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Editorial: No on Prop.23: Union power play puts dialysis patients at risk

SAN DIEGO UNION-TRIBUNE EDITORIAL BOARD September 23, 2020

As they were in 2018, state voters are being asked to micromanage the dialysis clinics that keep 80,000 Californians with failed kidneys alive by regularly cleaning their blood. Proposition 23, championed by the Service Employees International Union-United Healthcare Workers West, suggests these clinics are unsafe and requires a medical doctor be on hand when patients are treated, among other provisions.

But federal statistics show that California’s dialysis clinics have a better safety record than the nation in general. And DaVita and Fresenius, the two large companies that dominate the dialysis industry, argue persuasively that they are being targeted for retribution for a second time by a union that has tried and failed to unionize their workers.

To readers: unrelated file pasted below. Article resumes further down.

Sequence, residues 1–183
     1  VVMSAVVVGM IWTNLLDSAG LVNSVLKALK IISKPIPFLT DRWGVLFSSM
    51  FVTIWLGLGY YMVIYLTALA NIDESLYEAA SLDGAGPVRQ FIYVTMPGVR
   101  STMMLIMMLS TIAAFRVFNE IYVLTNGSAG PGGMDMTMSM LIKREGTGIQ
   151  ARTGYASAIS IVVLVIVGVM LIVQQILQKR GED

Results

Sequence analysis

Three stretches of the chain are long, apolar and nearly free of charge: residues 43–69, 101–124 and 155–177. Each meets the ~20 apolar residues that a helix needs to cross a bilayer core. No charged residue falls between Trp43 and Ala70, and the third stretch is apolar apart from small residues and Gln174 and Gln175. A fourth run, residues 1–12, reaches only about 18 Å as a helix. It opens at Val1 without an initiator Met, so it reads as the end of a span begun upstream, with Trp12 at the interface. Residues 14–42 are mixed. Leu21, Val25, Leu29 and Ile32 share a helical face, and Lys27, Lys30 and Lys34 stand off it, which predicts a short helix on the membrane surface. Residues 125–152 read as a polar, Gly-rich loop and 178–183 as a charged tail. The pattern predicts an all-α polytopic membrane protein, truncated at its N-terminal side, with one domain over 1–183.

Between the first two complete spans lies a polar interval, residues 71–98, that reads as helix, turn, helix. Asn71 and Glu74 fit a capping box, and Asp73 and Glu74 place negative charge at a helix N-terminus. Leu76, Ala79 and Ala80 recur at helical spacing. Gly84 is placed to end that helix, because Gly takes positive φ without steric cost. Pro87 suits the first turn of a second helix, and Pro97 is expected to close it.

Meanwhile, independent reporting on dialysis clinics has not substantiated the claim that a doctor needs to be on hand when patients are linked to dialysis machines. This is one of the more common — and routine — medical procedures of all. A ballot measure that makes dialysis clinics more expensive is likely to lead to the closing of clinics with marginal profits, which are often in rural areas.

The San Diego Union-Tribune Editorial Board acknowledges how much unions have helped their members, but their negotiations — and life or death medical decisions — shouldn’t spill over into the voting public and the state’s initiative process. That’s an abuse of power. Voters should send a clear message not to try this again. No on Proposition 23.